Fund Awards $4.4-Million Grant To Support Guidance Counselors
The grant will go to the College Board, which will help the communities develop the programs.
"Guidance counselors have great influence on many of the life-changing choices students make, yet counselors have traditionally received little support," said M. Christine De Vita, president of the fund. "We are committed to changing that."
The program, modeled after a pilot program in the Fort Worth Independent School District, will be aimed at increasing the college-enrollment rates of low-income and minority students.
In addition to Fort Worth, the other districts involved are Milwaukee; Davidson County (Nashville), Tenn.; Prince George's County, Md.; Providence, R.I.; and in San Jose, Calif., the San Jose Unified School District and the East Side Union High School District.
In all, more than 350 guidance counselors responsible for more than 400,000 students will receive training.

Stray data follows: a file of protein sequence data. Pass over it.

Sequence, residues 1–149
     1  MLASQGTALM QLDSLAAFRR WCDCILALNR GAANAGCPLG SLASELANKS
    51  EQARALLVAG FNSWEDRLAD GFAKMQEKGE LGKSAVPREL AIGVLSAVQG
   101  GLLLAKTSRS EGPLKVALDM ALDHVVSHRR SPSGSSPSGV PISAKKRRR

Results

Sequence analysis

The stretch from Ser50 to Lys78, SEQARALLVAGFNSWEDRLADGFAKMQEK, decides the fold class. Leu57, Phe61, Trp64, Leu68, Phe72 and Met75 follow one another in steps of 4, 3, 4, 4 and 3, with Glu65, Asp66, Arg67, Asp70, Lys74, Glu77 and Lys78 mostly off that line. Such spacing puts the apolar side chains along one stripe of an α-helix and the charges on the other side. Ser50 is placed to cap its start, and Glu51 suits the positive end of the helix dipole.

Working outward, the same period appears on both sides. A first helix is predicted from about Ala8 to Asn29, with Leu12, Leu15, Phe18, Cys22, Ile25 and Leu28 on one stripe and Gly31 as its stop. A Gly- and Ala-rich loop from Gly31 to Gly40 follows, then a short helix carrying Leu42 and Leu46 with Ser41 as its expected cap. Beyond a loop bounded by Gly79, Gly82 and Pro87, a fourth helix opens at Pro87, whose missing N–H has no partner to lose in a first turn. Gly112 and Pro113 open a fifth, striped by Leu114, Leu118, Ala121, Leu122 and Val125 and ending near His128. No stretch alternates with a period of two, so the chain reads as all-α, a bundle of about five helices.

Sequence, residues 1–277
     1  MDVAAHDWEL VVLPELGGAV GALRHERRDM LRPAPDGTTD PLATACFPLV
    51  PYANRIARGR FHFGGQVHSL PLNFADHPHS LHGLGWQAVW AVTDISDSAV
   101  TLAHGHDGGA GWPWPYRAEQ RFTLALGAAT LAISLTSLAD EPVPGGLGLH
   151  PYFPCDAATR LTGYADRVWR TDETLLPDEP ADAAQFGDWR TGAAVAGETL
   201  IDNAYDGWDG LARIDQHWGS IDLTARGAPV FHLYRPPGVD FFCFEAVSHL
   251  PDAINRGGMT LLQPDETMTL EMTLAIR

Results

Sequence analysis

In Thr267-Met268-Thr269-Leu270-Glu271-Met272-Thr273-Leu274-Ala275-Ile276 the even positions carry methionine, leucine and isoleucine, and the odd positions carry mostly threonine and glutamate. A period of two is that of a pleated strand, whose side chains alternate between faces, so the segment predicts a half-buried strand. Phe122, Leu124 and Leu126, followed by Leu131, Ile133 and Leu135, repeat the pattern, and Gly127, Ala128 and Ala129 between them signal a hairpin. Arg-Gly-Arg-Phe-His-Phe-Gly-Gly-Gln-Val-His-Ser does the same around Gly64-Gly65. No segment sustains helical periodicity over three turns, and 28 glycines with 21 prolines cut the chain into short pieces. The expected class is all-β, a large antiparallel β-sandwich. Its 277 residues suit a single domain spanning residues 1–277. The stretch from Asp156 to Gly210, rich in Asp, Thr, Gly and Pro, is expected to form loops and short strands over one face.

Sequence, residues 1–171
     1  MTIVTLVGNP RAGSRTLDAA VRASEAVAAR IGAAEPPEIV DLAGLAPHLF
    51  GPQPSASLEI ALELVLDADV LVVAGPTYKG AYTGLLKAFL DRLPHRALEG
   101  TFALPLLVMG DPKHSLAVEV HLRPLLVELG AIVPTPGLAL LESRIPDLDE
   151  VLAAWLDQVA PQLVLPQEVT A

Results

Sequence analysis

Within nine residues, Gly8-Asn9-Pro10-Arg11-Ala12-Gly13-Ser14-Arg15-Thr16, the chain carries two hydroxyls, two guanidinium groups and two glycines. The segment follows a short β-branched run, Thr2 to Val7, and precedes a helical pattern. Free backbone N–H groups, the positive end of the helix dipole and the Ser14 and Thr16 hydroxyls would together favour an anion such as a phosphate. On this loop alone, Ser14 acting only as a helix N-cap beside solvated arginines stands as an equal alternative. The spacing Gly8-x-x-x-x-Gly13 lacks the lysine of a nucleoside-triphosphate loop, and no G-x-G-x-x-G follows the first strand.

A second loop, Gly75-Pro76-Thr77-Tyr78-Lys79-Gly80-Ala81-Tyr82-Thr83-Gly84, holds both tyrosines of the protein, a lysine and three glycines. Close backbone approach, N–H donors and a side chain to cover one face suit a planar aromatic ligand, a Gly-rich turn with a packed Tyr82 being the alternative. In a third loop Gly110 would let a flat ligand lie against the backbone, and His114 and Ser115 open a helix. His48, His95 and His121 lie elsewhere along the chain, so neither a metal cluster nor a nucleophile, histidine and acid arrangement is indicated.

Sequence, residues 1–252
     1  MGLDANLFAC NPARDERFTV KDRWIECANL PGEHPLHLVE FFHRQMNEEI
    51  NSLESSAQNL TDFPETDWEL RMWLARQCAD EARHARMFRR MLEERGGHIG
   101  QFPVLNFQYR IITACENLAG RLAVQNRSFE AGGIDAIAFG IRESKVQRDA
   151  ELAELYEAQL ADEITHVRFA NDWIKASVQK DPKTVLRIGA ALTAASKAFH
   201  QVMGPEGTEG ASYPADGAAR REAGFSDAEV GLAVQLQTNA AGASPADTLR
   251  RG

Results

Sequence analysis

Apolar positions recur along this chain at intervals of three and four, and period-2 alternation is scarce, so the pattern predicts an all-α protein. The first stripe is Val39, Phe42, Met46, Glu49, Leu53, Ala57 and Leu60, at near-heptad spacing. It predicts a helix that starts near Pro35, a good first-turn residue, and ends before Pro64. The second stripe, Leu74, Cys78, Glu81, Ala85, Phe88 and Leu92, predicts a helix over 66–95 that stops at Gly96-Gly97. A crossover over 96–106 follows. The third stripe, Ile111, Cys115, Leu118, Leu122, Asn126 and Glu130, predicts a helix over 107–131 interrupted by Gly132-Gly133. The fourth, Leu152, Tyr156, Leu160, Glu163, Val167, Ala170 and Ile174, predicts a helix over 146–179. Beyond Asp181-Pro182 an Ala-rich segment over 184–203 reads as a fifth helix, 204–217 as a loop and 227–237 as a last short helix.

That training will cover three activities:
- Summer institutes, designed to boost early awareness of college opportunities, will focus on providing counseling to students who come from populations that traditionally do not attend college. Topics include financial and academic preparation, course selection, test taking, understanding diversity, and working with teachers and parents.
- Resource centers, staffed by volunteers, will include materials on financial aid, academic preparation and college-admission requirements, and test preparation.
- Locally developed student-support programs will include mentors and tutors, business and community involvement, and connections with higher-education institutions.
The program will go into effect during the 1991-1992 academic